Greenbuild 2013: The Kool-Aid Not Tasting Quite As Sweet

2013 Greenbuild

"Image courtesy of zirconicusso /"

By Trish Holder

I returned this past Thursday from three days at the 2013 Greenbuild Conference and Expo in Philadelphia, my ears still ringing with every green cliché ever uttered by anyone associated with the green building industry.  By the end of the trip a part of me wanted to cover my ears and run to the closest politically incorrect location I could find where the landscape was colored with hues opposite of green on the color wheel.  If all that sounds like I’m experiencing a little burnout, I probably am.  But why?

I tried to figure it out it on the plane ride home.  It’s not that I don’t love going to Greenbuild, and especially reconnecting with some wonderful vendors and good friends in the industry, especially the HVAC industry for which I write.  I reasoned to myself that every large trade show precipitates a certain amount of sensory overstimulation that tends to make you want to run to the nearest dark closet and cover your ears.  But this year it was more than just the hackneyed phrases (“it’s easy being green”) and the overabundance of chartreuse that was getting under my skin.  It was, I’m afraid, the U.S. Green Building Council (USGBC), the agency that puts on this show each year.

Average (Green) Joes – Underappreciated and Unrepresented?

This year I found it hard to ignore what so many have come to perceive as a certain arrogance and exclusivity of the USGBC in its management of this tradeshow, which happens to be extremely expensive for the average Joe to attend or the average company to exhibit at. I kept running into examples of little people getting the shaft.  There was the Professor of Architecture from Texas who was refused entry into an alternate educational session when she was too late to attend the session for which she had signed up. (Some show personnel had misdirected her to the wrong location, she said, making her late).  Mind you, she had paid a handsome price to register for the class, was not refunded her money, nor was she permitted to attend another session in its place.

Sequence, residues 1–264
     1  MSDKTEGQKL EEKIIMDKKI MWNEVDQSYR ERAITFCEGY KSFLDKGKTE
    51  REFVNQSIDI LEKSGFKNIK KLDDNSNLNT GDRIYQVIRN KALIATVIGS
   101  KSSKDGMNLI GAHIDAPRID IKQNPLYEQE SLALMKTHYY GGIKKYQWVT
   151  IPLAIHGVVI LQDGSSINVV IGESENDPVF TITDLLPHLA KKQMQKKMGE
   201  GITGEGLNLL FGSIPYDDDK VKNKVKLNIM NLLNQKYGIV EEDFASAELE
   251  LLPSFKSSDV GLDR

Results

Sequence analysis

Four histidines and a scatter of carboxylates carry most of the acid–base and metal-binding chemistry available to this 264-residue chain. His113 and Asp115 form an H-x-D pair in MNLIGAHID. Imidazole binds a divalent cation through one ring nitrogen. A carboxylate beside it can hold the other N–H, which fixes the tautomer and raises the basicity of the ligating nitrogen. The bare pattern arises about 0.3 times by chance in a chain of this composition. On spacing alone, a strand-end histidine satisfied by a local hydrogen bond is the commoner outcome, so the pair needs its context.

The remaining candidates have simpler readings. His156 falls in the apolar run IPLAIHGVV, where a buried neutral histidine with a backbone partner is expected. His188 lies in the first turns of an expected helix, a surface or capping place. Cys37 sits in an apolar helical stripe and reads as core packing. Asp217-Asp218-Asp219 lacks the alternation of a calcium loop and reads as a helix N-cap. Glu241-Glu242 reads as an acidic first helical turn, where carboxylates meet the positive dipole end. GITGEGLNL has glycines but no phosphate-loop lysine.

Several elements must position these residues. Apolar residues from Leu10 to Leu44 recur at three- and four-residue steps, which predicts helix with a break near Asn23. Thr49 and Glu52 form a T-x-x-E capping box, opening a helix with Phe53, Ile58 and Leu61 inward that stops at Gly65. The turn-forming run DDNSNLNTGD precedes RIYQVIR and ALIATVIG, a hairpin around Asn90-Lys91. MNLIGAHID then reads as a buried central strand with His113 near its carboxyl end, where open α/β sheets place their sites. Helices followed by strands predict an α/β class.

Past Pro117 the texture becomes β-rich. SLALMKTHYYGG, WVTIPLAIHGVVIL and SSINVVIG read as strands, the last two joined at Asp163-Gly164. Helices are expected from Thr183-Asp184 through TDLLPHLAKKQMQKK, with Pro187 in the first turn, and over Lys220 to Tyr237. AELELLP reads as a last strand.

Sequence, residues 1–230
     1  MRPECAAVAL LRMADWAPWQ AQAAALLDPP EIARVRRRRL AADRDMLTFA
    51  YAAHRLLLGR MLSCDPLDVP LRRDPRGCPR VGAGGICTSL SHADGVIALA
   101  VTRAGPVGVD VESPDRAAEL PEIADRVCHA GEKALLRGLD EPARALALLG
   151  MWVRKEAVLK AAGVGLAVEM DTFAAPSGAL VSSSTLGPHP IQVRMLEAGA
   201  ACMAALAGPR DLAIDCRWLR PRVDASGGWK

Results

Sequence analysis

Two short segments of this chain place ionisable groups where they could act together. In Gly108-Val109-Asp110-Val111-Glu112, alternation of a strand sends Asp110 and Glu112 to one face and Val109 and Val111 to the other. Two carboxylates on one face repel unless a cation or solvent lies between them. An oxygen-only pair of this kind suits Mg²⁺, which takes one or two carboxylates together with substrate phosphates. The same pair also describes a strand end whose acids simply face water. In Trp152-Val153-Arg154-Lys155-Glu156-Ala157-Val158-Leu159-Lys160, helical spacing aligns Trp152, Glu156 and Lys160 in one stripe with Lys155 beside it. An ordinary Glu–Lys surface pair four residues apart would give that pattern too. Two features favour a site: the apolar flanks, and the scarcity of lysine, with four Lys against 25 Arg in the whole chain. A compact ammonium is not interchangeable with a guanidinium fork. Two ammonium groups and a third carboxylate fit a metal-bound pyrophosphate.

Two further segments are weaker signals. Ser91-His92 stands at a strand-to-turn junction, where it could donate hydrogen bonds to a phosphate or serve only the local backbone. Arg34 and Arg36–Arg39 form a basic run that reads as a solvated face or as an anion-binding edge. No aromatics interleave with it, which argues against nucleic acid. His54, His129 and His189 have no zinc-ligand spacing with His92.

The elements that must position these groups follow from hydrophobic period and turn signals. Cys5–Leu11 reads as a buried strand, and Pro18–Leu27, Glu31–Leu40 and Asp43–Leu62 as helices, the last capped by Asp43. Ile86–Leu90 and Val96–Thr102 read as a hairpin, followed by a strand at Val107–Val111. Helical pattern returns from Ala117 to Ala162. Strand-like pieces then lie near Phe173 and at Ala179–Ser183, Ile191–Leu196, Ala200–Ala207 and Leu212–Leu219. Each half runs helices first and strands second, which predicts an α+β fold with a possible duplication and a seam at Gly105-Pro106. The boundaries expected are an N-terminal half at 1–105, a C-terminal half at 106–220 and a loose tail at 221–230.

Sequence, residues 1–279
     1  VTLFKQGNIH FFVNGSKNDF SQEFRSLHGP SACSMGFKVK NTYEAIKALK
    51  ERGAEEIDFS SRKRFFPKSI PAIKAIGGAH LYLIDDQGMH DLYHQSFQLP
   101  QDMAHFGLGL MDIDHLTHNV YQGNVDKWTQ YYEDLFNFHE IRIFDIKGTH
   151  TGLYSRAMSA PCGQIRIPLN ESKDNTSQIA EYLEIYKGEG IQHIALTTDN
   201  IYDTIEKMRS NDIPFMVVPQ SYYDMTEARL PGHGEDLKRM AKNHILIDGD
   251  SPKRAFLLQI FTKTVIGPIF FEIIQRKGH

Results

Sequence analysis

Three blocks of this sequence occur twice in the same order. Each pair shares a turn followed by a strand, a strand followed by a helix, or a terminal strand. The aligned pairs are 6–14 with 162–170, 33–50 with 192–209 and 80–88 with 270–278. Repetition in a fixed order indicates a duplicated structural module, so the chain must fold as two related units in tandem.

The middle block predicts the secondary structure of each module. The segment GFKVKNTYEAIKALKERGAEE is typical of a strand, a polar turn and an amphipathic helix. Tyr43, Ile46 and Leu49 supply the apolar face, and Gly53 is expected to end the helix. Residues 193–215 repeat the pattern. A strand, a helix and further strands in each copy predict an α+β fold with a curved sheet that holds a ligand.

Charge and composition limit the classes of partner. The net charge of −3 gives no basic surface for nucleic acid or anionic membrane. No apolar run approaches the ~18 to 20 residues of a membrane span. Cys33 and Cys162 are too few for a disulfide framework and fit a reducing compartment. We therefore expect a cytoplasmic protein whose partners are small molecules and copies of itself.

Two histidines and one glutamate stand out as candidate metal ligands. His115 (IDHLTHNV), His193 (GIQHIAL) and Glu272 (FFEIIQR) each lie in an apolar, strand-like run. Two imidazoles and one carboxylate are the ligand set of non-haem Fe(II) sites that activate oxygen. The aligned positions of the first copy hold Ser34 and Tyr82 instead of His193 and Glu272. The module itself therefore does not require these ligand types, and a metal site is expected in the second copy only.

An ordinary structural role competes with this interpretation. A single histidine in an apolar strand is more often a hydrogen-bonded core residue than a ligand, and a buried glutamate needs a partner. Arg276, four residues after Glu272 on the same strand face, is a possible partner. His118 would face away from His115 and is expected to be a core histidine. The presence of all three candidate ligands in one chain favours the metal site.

Chatting with this woman on the shuttle from the hotel to the conference, I learned that she and her students hold fundraisers just so they can attend the show each year.  She’s an educator with direct influence on the young people who will be designing our homes and buildings, specifying products, and perhaps managing their own LEED projects.  This woman was ticked – and I can understand why.

Right or wrong, such incidents lend credibility to those who have long accused the USGBC of being a money making machine, instead of the 501(c)(3) nonprofit it officially is.  It also makes some of us who have volunteered our time to local USGBC organizations, promoted Greenbuild, and even gone through the rigors of a LEED certification feel unappreciated to say the least.

Okay – maybe I am still smarting from the fact that I would have to buy my own plaque signifying that I own a LEED certified home.  But I do sense that the USGBC is at a crossroads where it must decide to become more accessible to the average green-minded consumer.   After all, if an organization like the USGBC is slipping in the esteem of someone like me – “a true believer” or an “early adopter” of green — you have a public relations problem.  And I don’t want the USGBC to have a public relations problem!

The silver lining in all this is that somewhere between Philly and home, I remembered the fact that Greenspiration Home remains dedicated to homeowners.  Period. Personally, I’d trade the presence of some celebrities and high profile speakers at Greenbuild (no offense intended to Bon Jovi or Hillary Clinton) for the sight and sound of the average homeowner.  But that’s just me.

In fairness to the USGBC, they may have realized their show management skills were lacking.  They have now partnered with Hanley Wood LLC, the well-known media, event, information and strategic marketing services company, to help them manage future Expos.  I spoke with several exhibitors that believed this would be a positive for the future of the conference.  I hope they are right.

Stay tuned for what I liked about Greenbuild 2013.